In 1776, 13 British colonies existed in America. Ask someone about the American Revolutionary era today and some colonies easily come to mind – Virginia, Pennsylvania, Massachusetts, New York. The role of some colonies in the Revolution is not as well known.
New Hampshire is one of those less-well-known colonies. Almost everyone will agree that the American Revolution began on the greens of Lexington and Concord in April 1776, when British troops marched from Boston to find and destroy military supplies hidden there. Americans love the story of Paul Revere’s ride to warn the patriots there that “the Regulars are coming.”
Yet, just a few months earlier, in December 1775, Revere took a more perilous ride in deep snow to the New Hampshire coast to alert patriots that British troops and ships were coming to secure British military supplies there that were guarded by only a half-dozen British troops. Hundreds of patriot militiamen mustered quickly, attacked the supply depot, captured and removed the munitions before a stronger British military contingent could arrive. Thus, New Hampshire citizens, whose state motto is “Live Free or Die,” might argue that the Revolutionary War began there and not in Lexington and Concord.
By the time of Revere’s more famous ride in April 1776, New Hampshire’s militias were as ready for war as those of Massachusetts. As word spread far and wide of the British march and attack on Lexington and Concord, militiamen of New Hampshire mustered and hurried to support their patriot comrades in Massachusetts. New Hampshire Regiments were formed in May 1775 and in 1776. All or parts of the Regiments fought with distinction in major battles during the war to include the Boston Siege, Saratoga, Quebec, Trenton, among others. They were particularly effective in holding the line at Saratoga which became the major victory of the Northern Campaign.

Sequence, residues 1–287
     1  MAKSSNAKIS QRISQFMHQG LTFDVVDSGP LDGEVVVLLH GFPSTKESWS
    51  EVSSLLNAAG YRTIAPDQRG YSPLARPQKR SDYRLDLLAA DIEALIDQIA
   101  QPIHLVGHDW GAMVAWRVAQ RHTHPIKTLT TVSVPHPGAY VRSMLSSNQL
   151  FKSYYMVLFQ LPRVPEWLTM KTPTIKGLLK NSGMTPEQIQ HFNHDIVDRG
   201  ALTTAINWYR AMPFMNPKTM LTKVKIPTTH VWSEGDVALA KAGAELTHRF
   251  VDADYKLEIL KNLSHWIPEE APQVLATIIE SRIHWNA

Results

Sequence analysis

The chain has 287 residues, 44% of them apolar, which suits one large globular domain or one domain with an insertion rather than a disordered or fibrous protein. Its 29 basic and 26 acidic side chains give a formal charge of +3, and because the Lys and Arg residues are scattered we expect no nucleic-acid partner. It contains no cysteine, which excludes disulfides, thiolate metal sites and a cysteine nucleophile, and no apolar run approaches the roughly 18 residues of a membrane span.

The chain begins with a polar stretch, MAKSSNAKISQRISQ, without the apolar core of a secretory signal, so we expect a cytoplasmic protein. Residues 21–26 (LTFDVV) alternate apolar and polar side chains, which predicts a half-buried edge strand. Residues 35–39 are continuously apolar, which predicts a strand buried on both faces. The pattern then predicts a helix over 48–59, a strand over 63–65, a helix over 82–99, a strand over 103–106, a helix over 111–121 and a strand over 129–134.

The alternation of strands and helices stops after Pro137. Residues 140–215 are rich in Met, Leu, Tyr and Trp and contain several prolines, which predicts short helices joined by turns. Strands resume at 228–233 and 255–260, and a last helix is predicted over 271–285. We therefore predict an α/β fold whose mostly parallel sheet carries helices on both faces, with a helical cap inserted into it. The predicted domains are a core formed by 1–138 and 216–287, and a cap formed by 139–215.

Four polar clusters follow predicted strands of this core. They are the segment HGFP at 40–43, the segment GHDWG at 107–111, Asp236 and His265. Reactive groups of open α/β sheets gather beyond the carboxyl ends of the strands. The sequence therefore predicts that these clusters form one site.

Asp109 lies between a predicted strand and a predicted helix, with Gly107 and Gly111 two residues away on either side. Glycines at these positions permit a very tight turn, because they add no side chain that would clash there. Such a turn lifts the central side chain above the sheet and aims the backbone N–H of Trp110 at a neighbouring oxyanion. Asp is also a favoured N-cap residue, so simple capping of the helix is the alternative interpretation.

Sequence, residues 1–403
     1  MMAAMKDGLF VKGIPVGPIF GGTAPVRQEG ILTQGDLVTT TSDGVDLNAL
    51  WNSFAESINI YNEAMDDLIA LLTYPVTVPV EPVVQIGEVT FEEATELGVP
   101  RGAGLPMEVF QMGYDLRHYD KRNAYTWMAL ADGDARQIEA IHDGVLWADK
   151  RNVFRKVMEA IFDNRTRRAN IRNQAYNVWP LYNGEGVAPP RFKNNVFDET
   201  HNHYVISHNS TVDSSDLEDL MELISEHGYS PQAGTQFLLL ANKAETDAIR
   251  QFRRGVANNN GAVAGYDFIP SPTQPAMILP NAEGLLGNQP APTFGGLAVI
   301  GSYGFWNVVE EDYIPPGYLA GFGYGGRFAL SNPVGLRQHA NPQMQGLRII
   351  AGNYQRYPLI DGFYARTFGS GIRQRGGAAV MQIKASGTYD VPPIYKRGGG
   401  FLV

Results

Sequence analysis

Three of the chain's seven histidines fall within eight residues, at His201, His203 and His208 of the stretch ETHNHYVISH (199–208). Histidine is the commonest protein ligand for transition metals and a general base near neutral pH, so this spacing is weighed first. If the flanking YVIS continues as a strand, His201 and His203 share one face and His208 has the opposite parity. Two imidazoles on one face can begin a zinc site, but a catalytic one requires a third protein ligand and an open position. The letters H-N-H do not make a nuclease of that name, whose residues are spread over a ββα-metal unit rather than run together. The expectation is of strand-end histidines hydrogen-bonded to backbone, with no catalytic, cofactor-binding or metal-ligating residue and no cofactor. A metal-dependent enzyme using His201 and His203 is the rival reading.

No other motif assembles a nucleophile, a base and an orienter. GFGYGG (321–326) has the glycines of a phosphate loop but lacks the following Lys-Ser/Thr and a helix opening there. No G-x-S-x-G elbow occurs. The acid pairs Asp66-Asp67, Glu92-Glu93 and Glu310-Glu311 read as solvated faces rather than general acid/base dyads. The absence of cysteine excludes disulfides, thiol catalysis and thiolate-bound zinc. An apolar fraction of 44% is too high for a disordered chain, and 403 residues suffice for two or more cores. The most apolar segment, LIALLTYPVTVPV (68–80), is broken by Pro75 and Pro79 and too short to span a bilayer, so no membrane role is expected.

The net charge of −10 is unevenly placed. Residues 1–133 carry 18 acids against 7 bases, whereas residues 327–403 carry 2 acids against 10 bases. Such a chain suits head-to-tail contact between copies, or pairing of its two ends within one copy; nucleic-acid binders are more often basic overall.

William Whipple Jr. could not have anticipated his role in the colonies’ revolution and quest for independence. He was born in 1730 to a seagoing family. His father was a sea captain and his mother was the daughter of a distinguished ship-builder. Both families had become wealthy in their sea-related businesses.
Young William attended public schools and, unlike some of the more famous signers of the Declaration of Independence, did not attend college at Harvard, Princeton, or Yale. Rather, he followed his father to the sea, where ships, including the Whipple’s, often engaged in the profitable Triangle Trade, which delivered commodities from the American colonies and the West Indies to Europe, where the ships were loaded with manufactured goods for delivery to Africa and the American colonies. In Africa, slaves were often brought aboard the ships for delivery to the West Indies and the American colonies.
By the age of 21, young William commanded his own ship. The same year, his father died. While both his mother and father were wealthy from their families’ businesses, William, Jr., became wealthy in his own right as a ship’s Captain. In 1759, at the age of 29, William had amassed a fortune that had enabled him to retire from the sea. He then went into the merchant business with two brothers, where William, with his foreign trade experience on the sea, was able to expand his wealth in that business. Two slave boys worked for the Whipple’s business. One of them, Prince, would remain with William through all that followed.
William married in 1767, at the age of 37, Catherine Moffatt, daughter of a ship Captain. They had only one son, who died in 1773, about a year after his birth.